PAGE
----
Hong Kong and Singapore in lockstep for regtech adoption


Hong Kong Monetary Authority (HKMA) has launched Regtech Knowledge Hub to heighten awareness of regulatory compliance in fintech-related fields and encourage the sharing of expertise. In a similar move last year, the Monetary Authority of Singapore set aside SGD42 million (about USD35.5m) for grant schemes to boost digital adoption and regtech.

Regtech, an amalgamation of the words regulatory and technology, is a subset of fintech that combines regulation and technology to improve risk management and compliance. Regtech companies have flocked to Hong Kong and Singapore in recent years to assist clients and regulators in a complex environment.

The knowledge hub is part of HKMA’s two-year regtech adoption roadmap announced in November 2020 that allows banks and regtech providers to share success stories and implementation experiences. The hub shares practical industry case studies and stores HKMA’s regtech-related circulars, guidance papers and research reports.

Hong Kong and Singapore in lockstep for regtech adoption, Etelka Bogardi
Etelka Bogardi

“The promotion of regtech is one the highlights of the HKMA’s wider support of fintech adoption in Hong Kong,” Etelka Bogardi, partner at Norton Rose Fulbright in Hong Kong, told Asia Business Law Journal. “What has been particularly impressive is the close engagement by the HKMA with the industry and the continuous dissemination of practical and actionable information.”

Bogardi said the Regtech Adoption Practice Guide Series was one example of the information provided.

However, Bogardi added that securing internal budgets, ensuring system interoperability with legacy systems and products, and securing talent remained challenges for financial institutions in Hong Kong when adopting regtech.

HKMA’s regtech roadmap and fintech 2025 strategy encourage market participants to engage with this new development..

For lawyers wanting to stay up to date with regtech developments, Bogardi noted two challenges:

    1. the need to stay on top of developments and the sheer number of applications and providers; and,
    2. developing a basic understanding of the underlying technologies and how these can be harnessed while ensuring compliance.

“It is likely that we will see a step-change in the use of regtech solutions from quantitative to more qualitative use cases,” she said. “There is a big jump between regtech such as optical character recognition to using artificial intelligence-powered systems for entire risk-management processes in banks. This will throw up interesting and challenging questions for regulatory and data-focused lawyers.”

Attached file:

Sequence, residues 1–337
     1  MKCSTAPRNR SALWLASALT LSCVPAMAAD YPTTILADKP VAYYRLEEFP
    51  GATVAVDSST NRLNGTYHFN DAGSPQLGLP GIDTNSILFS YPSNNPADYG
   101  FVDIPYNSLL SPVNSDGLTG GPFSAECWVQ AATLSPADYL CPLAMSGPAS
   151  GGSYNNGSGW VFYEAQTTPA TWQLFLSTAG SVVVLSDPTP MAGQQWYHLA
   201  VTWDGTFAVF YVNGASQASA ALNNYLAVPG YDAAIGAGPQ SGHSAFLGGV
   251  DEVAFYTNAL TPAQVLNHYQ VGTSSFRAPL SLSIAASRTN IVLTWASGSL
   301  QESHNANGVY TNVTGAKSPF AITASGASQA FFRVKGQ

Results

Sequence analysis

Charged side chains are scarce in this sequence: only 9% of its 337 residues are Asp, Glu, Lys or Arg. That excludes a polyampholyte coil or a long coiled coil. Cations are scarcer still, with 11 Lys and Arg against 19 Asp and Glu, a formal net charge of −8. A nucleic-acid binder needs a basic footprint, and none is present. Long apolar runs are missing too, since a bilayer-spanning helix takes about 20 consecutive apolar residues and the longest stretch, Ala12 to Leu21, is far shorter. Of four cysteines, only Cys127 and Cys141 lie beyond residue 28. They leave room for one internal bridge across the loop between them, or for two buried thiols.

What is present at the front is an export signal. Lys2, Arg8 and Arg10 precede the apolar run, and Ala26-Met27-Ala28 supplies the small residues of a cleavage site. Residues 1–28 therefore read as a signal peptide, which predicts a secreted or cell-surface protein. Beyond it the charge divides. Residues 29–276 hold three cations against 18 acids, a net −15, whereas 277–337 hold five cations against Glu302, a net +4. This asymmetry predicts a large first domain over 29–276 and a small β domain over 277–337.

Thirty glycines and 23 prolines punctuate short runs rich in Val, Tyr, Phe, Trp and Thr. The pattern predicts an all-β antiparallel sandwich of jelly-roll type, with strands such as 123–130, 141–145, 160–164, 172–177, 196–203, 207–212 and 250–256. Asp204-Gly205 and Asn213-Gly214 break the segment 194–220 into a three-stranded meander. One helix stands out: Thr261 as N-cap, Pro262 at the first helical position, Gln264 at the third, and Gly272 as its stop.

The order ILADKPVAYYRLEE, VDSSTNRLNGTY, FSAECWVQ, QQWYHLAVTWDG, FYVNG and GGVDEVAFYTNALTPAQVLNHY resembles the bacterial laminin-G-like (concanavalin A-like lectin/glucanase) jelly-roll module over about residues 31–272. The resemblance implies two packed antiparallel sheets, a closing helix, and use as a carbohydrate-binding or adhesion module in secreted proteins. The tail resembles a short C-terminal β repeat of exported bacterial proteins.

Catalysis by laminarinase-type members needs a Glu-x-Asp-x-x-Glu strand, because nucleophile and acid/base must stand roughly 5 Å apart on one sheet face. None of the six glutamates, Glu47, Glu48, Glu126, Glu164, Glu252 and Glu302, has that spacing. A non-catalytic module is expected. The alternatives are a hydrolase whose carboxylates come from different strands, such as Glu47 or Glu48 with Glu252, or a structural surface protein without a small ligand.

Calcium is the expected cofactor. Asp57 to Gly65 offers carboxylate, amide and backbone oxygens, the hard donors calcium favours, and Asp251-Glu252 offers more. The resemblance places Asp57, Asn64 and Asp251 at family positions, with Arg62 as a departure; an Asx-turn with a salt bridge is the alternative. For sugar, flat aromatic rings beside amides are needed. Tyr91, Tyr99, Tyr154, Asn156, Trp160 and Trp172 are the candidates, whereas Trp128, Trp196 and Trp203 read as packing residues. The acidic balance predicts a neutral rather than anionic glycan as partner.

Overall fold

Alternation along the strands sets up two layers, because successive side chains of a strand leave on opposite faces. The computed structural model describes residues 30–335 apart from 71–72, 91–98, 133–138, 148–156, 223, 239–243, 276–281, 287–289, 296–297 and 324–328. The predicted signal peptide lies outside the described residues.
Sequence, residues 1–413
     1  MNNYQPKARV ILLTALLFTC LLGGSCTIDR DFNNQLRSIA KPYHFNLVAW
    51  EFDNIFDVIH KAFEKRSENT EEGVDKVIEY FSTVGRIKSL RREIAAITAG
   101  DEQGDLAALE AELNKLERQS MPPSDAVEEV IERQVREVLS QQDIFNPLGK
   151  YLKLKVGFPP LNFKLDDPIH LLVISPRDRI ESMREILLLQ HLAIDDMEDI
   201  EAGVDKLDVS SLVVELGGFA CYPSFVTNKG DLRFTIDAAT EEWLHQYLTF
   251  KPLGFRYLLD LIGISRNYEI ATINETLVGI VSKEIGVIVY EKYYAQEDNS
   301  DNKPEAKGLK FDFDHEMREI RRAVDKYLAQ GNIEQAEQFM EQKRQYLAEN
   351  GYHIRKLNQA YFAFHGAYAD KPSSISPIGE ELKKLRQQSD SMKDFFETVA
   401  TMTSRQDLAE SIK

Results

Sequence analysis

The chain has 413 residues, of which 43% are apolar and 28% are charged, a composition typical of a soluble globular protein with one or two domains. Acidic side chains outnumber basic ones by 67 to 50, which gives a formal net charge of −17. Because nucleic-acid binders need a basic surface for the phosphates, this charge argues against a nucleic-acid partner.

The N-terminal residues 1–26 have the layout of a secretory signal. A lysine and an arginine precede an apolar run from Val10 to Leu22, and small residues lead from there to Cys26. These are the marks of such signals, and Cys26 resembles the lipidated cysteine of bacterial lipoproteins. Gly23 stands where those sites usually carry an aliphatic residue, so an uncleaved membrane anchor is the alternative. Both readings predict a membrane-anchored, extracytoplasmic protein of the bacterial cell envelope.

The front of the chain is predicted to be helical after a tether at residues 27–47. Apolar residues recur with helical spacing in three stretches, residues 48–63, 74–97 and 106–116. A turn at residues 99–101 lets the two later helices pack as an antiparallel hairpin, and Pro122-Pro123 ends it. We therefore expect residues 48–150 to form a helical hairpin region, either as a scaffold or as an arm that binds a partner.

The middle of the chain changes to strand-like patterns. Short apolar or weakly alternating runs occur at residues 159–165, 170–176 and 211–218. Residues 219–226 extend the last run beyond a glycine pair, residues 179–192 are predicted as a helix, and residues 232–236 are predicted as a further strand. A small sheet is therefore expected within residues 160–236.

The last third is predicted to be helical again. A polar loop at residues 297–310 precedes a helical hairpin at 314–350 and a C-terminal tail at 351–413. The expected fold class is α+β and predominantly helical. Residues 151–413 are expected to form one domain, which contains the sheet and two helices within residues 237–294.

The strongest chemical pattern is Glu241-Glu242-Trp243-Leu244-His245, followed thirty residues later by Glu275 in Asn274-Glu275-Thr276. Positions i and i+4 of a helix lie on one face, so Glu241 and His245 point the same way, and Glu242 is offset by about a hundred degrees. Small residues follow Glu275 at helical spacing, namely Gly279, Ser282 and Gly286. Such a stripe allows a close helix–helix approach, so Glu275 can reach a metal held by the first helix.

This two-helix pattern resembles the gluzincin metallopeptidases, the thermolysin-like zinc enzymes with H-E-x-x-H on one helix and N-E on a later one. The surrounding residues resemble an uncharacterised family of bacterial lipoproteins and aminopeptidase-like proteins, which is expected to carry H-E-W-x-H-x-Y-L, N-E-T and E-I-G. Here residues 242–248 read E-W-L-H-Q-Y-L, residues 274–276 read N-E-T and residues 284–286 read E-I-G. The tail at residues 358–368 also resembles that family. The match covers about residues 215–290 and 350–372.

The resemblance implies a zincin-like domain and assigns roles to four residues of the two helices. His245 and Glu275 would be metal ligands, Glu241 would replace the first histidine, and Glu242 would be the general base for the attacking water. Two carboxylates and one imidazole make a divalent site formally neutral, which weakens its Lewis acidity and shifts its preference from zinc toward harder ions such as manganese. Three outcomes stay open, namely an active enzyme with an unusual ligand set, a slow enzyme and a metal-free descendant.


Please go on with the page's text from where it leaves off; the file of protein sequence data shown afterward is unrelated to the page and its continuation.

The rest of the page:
In other parts of Asia, Taiwan, Japan and South Korea have also taken steps to show their interest in developing regtech solutions. However, deep financial markets and large pools of investors with an interest in new financial products and services make it possible for Singapore and Hong Kong to lead the way when it comes to supporting regtech.

Hong Kong and Singapore in lockstep for regtech adoption, Bryan Tan
Bryan Tan

Bryan Tan, partner at Reed Smith in Singapore, said: “Regtech has naturally been introduced in financial services in Singapore and – to a lesser extent – the legal industries, as these have been mooted a few years ago.

“We also note that the area has been attracting more venture capital investment recently,” said Tan.

Regtech adoption in Singapore, however, has not reached its full potential. Tan said this was due to regulation and compliance still developing as financial products evolved, in addition to environmental, social and governance (ESG) requirements. This meant a lot more areas to regulate – hence the redeployment of regtech.

“The nascent phase for new technology is always the selection of the final form ­– think the video-format wars,” said Tan. “So, the problem now may be too many offerings and too many are not fully developed. In this crowded marketplace, it is possible to get overwhelmed by the choices and the tendency is to stay on the sidelines paralysed by choice.”

With thousands of regtech providers currently available, Tan is particularly hopeful for solutions that obtain updated information from diverse sources for compliance teams.

Tan said this would require solutions that help collect compliance data from customers “to meet know-your-customer requirements as well as solutions that collect data for ESG compliance and reporting”.